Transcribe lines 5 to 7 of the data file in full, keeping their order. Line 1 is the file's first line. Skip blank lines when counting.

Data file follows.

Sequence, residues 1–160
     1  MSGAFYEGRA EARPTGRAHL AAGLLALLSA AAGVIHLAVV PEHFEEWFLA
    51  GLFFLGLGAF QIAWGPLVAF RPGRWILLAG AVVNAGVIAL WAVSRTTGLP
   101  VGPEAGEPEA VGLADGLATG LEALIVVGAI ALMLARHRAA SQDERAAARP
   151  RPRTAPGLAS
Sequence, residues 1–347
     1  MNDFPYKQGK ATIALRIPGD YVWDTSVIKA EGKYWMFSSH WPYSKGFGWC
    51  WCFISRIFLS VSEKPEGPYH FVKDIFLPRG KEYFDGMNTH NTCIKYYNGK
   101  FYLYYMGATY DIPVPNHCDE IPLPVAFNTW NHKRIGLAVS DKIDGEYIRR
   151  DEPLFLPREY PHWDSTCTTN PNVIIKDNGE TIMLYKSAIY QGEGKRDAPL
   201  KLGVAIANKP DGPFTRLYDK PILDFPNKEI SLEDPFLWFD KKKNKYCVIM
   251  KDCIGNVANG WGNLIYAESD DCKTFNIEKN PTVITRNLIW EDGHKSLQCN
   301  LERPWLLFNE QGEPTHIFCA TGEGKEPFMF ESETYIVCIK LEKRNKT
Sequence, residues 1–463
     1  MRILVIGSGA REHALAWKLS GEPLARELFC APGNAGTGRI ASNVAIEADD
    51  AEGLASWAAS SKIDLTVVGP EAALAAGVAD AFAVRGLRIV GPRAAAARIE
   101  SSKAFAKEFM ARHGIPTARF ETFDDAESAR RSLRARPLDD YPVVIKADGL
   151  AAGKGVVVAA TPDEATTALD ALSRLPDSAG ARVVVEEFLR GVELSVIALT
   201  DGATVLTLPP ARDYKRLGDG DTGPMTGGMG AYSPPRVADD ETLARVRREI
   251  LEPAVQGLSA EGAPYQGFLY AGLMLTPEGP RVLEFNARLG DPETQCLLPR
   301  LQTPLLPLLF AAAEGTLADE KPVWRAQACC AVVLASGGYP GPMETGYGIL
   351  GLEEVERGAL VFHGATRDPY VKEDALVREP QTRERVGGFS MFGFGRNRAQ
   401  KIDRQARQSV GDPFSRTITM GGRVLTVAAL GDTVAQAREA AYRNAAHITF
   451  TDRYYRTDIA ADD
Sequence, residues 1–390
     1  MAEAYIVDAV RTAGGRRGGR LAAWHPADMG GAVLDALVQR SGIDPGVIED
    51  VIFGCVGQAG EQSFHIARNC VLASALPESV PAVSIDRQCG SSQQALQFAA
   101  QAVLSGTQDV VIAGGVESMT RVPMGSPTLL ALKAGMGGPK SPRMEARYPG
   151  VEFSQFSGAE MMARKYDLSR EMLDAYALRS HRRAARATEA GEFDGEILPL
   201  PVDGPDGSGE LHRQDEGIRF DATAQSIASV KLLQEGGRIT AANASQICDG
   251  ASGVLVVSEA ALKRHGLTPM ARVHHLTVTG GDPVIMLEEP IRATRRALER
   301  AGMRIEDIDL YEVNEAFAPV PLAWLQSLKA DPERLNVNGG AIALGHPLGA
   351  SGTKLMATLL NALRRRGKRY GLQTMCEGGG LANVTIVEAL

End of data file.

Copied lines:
   151  RPRTAPGLAS
Sequence, residues 1–347
     1  MNDFPYKQGK ATIALRIPGD YVWDTSVIKA EGKYWMFSSH WPYSKGFGWC